Theodora Porphyrogenita (11th century)

Theodora Porphyrogenita
Empress and Autocratess of the Romans
Byzantine coin showing Jesus Christ on the left and Empress Theodora on the right.
Empress of the Byzantine Empire
Reign19 April 1042 – 31 August 1056
Coronation19 April 1042
PredecessorZoë Porphyrogenita and Michael V Kalaphates
SuccessorMichael VI Bringas
Co-regentZoë Porphyrogenita[1]:2038 (1042–1050)
Constantine IX Monomachos (1042–1055)
Bornc. AD 980
Died31 August 1056
(aged 75–76)
FatherConstantine VIII

Theodora Porphyrogenita (Greek: Θεοδώρα, Theodōra; AD 980 – 31 August 1056) was a Byzantine Empress born into the Macedonian dynasty that ruled the Byzantine Empire for almost two hundred years. She was co-empress with her sister Zoë for two months in 1042 and sole empress regnant from 11 January 1055 to 31 August 1056. She was the last ruler of the Macedonian line.

Theodora's life was entwined with that of her older sister Zoë. In 1028 her father, Constantine VIII, attempted to extend the dynasty by marrying Theodora to the urban prefect of Constantinople, Romanos Argyros. Theodora refused, and Zoë was married to him instead; three days later he became emperor. Angry that Theodora had been the first choice to marry Romanos, Zoë had her sister closely watched. After two foiled plots, Theodora was exiled to an island monastery in the Sea of Marmara. Twelve years later, the people of Constantinople rose against Michael V, Zoë's adopted son, and insisted that Theodora return to rule alongside her sister. After 65 days Zoë married again to Constantine IX, who assumed the imperial responsibilities.

When Constantine IX died, the seventy-four-year-old Theodora returned to the throne, in the teeth of fierce opposition from court officials and military claimants. For eighteen months she was a strong empress before being struck down by a sudden illness and dying on 31 August 1056 aged seventy-six.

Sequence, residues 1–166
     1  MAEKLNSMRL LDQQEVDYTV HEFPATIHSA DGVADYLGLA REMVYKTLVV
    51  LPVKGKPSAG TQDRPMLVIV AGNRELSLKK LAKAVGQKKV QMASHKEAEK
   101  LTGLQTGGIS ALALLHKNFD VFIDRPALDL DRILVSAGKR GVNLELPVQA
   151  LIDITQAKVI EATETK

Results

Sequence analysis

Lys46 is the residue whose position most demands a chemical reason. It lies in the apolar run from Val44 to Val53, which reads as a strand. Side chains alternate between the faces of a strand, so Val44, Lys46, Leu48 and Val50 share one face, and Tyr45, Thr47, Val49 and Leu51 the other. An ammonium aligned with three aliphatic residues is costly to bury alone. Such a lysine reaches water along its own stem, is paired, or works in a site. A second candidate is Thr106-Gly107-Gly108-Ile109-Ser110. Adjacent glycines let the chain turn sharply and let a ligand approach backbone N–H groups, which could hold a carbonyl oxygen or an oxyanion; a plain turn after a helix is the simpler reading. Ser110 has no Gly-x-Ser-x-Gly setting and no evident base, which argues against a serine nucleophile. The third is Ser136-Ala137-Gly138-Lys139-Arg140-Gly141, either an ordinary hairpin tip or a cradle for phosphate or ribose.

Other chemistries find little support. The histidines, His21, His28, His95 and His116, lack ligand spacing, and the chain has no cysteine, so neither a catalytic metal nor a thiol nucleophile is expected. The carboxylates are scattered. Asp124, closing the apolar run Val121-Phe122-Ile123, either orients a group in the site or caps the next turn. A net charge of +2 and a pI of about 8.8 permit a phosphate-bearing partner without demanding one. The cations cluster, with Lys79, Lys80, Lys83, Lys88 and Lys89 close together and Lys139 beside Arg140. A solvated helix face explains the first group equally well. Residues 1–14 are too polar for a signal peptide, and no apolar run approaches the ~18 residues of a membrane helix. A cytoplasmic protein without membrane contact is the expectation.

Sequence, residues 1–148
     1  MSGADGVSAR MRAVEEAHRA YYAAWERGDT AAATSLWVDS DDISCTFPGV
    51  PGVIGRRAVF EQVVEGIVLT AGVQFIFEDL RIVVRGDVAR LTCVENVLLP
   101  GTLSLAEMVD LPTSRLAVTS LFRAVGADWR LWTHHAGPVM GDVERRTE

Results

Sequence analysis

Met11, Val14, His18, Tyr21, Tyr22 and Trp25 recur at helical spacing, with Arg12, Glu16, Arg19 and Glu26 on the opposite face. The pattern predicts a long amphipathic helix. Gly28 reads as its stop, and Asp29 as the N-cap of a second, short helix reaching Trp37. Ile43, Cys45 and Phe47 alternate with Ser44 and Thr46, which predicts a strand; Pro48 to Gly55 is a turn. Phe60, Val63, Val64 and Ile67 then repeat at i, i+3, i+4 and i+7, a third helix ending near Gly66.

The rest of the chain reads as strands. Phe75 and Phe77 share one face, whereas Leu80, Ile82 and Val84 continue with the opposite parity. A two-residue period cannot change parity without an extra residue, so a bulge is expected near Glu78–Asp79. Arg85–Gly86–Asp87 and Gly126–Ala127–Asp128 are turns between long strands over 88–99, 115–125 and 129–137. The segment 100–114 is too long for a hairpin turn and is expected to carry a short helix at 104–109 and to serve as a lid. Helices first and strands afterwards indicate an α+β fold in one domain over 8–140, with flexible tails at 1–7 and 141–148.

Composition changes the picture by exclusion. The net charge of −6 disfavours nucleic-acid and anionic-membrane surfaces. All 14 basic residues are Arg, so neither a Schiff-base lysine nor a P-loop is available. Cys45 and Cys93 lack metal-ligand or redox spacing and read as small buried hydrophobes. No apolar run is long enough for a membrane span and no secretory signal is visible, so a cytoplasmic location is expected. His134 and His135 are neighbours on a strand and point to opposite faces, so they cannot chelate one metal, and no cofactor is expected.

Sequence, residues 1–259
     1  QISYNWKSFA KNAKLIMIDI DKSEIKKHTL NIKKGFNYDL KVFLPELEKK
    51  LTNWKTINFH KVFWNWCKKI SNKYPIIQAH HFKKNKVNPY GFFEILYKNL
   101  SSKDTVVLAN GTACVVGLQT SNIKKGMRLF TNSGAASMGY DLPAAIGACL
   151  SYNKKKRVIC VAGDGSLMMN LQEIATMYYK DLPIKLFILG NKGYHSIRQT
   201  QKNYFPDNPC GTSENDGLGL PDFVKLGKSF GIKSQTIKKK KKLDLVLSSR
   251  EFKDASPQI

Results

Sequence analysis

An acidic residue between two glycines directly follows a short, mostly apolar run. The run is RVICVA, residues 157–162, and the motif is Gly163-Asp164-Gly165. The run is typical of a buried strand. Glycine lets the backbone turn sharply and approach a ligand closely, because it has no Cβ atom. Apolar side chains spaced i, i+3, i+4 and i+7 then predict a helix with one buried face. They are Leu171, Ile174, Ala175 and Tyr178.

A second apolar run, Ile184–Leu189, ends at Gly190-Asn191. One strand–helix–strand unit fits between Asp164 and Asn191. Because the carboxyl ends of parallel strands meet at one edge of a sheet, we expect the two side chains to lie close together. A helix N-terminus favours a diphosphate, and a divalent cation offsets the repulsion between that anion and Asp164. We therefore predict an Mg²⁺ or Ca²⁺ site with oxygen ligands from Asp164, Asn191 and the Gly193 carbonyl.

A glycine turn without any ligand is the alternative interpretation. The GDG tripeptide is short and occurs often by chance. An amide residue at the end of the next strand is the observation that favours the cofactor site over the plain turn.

Early life

Histamenon depicting Basil II and Constantine VIII, holding a cross.

Theodora was the third and youngest daughter of the Byzantine Emperor Constantine VIII and Helena, daughter of Alypius.[1]:503 She was Porphyrogenita,[2]:259 "born into the purple"; this was the appellation for a child born in the capital to a reigning emperor. Her father became co-emperor in 962 and sole emperor in 1025.[citation needed] His reign as sole emperor lasted less than three years, from 15 December 1025 to 15 November 1028.[1]:503

As an eligible imperial princess, she was considered as a possible bride for the Holy Roman Emperor in the west, Otto III in 996.[2]:253 However, Theodora was overlooked in favour of her sister Zoë. Otto III died before any marriage could occur.[2]:259 Theodora's uncle Basil II prevented his nieces from marrying any of the Byzantine nobility, calculating that such a marriage would have given their husbands a claim on the imperial throne. As women, Theodora and Zoë were unable to exercise any state authority, their only say in this was in choosing, or more likely accepting or not, a husband who would acquire their authority upon marriage.[3] Consequently, Theodora lived a life of virtual obscurity in the imperial gynaeceum (women's quarters).[2]:269

Basil II died childless in 1025 and Constantine VIII became sole emperor at the age of 65. As he had no sons, Theodora and Zoë were catapulted into the centre of imperial politics.[citation needed] Intelligent and possessing a strong and austere character, Theodora defied her father by refusing to marry the man her father had chosen to succeed him, Romanos Argyros, stating that Romanos was already married – his wife having become a nun to allow Romanos to marry into the imperial family.[4]:465 Theodora further claimed that since Romanos and she were third cousins, it was too close a blood relationship for marriage to occur.[2]:270 Consequently, Constantine VIII chose Theodora's sister. Zoë married Romanos three days before her father died.[citation needed]

Empress Zoë tonsures her sister Theodora

With the accession of Romanos, Theodora prudently retreated back into the gynaeceum, with its daily religious routines,[2]:276 but this did not save her from her sister's envy. Never forgiving Theodora for being their father's first choice,[citation needed] Zoë persuaded her husband to appoint one of his own men as the chief of Theodora's household, with orders to spy on her.[4]:469 Shortly afterwards, Theodora was accused of plotting to marry Presian of Bulgaria and usurp the throne with him. Presian was blinded and sent to a monastery; Theodora was not punished. In 1031 she was implicated in a similar conspiracy, this time with Constantine Diogenes, the Archon of Sirmium.[1]:627 Theodora was forcibly confined in the monastery of Petrion. During a visit, Zoë compelled her sister to take Holy Orders.[4]:471 Theodora remained there for the next eleven years, as Zoë managed the empire with her husbands, Romanos III and, after his death, Michael IV.[5]

Other Languages
čeština: Theodora III.
Deutsch: Theodora III.
hrvatski: Teodora III.
Bahasa Indonesia: Theodōra (abad ke-11)
Nederlands: Theodora III
română: Teodora a III-a
slovenščina: Teodora III.
српски / srpski: Теодора (11. век)
srpskohrvatski / српскохрватски: Carica Teodora
Tiếng Việt: Theodora (thế kỷ 11)